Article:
NFL presents detailed proposal on 18-game regular season to players’ union during labor talks

By Howard Fendrich, AP
Wednesday, September 29, 2010

NFL gives union detailed proposal on 18 games

WASHINGTON — The current labor deal between the NFL and its players’ union contains a provision that allows the league to increase the regular season to 18 games. As the sides try to negotiate a new contract, they are talking again about the possibility of making such a switch.

“An 18-game regular season is not uncharted territory,” NFL spokesman Greg Aiello wrote in an e-mail to The Associated Press on Wednesday, referring to the 2006 collective bargaining agreement and noting that the CFL and USFL have played schedules of that length.

“The key,” Aiello continued, “is to approach it the right way and work closely with our players and clubs to come up with a year-round football calendar that will be better for everyone, including the fans.”

League owners and NFL Commissioner Roger Goodell want to expand the regular season from 16 games to 18, and cut the preseason from four games to two. The NFL presented the NFL Players Association with its first detailed proposal covering that issue at a bargaining session in Washington on Tuesday.

Goodell has pointed out that the old CBA already left room for the league to extend the regular season, but he also says he wants to work on any such switch with the union.

The 2006 contract says the NFL would need to give the NFLPA 90 days notice in writing before increasing from 16 games to as many as 18. That agreement also says the league would have to negotiate “with the NFLPA with regard to additional compensation to be paid to players for additional regular season games,” and that “if the parties are unable to agree on additional compensation … (an) arbitrator will have the full authority to decide the amount of additional compensation to which the players will be entitled.”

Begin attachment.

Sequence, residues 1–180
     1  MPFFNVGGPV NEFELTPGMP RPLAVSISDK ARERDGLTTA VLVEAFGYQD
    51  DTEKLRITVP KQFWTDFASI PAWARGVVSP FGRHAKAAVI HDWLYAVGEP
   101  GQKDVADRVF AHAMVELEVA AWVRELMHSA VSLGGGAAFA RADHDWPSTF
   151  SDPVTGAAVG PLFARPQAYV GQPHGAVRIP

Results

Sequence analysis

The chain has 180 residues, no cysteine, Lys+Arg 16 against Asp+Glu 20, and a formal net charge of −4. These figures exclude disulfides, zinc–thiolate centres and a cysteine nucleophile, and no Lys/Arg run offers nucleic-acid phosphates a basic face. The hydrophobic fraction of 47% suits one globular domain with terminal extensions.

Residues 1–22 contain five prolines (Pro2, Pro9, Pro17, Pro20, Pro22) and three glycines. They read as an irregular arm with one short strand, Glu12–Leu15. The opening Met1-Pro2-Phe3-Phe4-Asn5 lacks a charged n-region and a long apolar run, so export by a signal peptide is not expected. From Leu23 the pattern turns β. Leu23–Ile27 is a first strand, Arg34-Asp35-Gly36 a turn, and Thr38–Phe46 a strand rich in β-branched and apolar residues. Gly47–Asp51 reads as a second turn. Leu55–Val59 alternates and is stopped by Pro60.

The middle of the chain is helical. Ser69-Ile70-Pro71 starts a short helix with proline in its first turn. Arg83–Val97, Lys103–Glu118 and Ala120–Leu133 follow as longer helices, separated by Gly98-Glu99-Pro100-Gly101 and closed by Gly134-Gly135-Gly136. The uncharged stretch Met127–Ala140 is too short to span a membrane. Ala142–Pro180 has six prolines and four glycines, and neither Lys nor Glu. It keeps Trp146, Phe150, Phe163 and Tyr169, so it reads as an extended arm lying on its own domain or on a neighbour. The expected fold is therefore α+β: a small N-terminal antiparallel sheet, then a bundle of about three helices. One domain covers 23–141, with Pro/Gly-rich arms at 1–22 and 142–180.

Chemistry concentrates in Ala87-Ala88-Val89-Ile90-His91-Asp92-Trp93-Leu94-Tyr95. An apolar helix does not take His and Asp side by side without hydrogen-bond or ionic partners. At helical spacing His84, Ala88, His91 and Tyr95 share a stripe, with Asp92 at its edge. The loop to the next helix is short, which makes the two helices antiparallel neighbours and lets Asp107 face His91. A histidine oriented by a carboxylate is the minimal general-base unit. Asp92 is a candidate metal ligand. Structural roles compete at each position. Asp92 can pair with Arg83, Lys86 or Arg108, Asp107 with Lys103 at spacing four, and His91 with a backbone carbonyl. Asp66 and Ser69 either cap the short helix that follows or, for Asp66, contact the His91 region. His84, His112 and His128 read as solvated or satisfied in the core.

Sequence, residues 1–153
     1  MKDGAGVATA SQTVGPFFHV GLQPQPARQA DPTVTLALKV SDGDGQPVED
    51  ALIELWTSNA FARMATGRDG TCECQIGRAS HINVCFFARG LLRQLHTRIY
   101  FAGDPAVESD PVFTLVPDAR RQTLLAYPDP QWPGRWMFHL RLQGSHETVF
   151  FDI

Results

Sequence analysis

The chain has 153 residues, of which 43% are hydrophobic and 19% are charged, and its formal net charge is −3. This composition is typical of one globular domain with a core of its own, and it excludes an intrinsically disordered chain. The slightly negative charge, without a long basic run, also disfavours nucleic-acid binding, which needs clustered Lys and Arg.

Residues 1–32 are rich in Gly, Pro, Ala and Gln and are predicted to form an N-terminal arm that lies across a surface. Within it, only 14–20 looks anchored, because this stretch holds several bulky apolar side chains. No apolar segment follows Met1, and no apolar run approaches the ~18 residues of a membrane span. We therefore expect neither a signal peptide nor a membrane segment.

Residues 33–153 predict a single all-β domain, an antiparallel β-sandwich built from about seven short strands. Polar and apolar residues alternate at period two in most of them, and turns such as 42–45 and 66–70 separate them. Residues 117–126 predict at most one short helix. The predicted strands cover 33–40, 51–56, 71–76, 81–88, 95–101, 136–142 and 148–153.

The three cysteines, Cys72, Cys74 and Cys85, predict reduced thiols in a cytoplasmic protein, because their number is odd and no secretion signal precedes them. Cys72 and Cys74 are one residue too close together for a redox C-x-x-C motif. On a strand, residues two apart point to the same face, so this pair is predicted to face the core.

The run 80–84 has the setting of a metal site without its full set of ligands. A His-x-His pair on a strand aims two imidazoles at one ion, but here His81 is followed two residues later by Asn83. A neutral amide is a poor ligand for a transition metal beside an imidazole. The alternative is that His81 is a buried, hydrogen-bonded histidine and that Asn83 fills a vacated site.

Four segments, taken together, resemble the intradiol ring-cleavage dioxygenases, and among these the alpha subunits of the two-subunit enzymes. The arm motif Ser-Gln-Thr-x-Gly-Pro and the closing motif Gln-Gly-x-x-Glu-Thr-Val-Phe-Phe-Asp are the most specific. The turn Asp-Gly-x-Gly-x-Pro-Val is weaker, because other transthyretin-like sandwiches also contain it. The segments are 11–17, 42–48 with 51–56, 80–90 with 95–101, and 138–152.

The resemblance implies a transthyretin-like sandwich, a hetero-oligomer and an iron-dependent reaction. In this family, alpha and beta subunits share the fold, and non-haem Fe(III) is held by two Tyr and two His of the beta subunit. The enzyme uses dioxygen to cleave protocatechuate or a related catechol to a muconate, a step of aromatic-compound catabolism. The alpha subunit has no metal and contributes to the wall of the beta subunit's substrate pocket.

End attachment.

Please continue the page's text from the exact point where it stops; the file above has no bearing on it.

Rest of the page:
The union has not said it will go along with an 18-game regular season; various players around the NFL have questioned whether it’s a good idea.

“The players do not want that to happen,” Pittsburgh Steelers quarterback and union representative Charlie Batch said Wednesday, “because that’s extra games that are added on to your bodies.”

Indianapolis Colts President Bill Polian said Monday he thinks a schedule change is a “fait accompli.” Polian sought to clarify his comments Wednesday, saying in an interview with ESPN Radio: “I was very imprecise. I said that the 18-game season was a fait accompli and … it isn’t. It is subject to lengthy discussion in detail with the players’ association.”

In a joint statement about their latest bargaining session, the league and union said Tuesday’s negotiations “focused on several matters,” including a longer regular season, a rookie wage scale and improvements for retired players.

“Both sides look forward to continuing these discussions and reaching a new collective bargaining agreement,” the statement said.

The current collective bargaining agreement expires in March, and NFLPA executive director DeMaurice Smith has said he believes owners are preparing for a lockout. Indeed, the home page of the NFLPA’s official website features a “Lockout Watch” that counts down the days, hours, minutes and seconds until the CBA expires.

The players currently get 59.6 percent of designated NFL revenues, a number agreed to in the 2006 CBA. The owners say that’s too much, arguing that they have huge debts from building stadiums and starting up the NFL Network and other ventures, making it impossible to be profitable.

The NFL generates nearly $8 billion in revenues annually, with about $1 billion going to operating expenses. The owners get about 40 percent of the rest, but they want about $1.3 billion more before the players get their cut, and they’d like two more regular-season games to get more money out of the networks for everyone.

Players have said they won’t agree to a new deal that amounts to a pay cut. Smith has been warning players since he took office in early 2009 to put aside money in case of a work stoppage.

The union has started the process of having players vote to decertify the union, a step that eventually would allow players to sue the NFL if the owners decide to impose a lockout.

The NFLPA was decertified in 1989, two years after a failed players’ strike. It returned as a union in 1993, when a contract was reached with the league that provided for free agency. That landmark CBA has been renewed or restructured several times since 1993, including in 2006. The owners opted out of that deal two years ago.

AP Sports Writer Alan Robinson in Pittsburgh contributed to this report.

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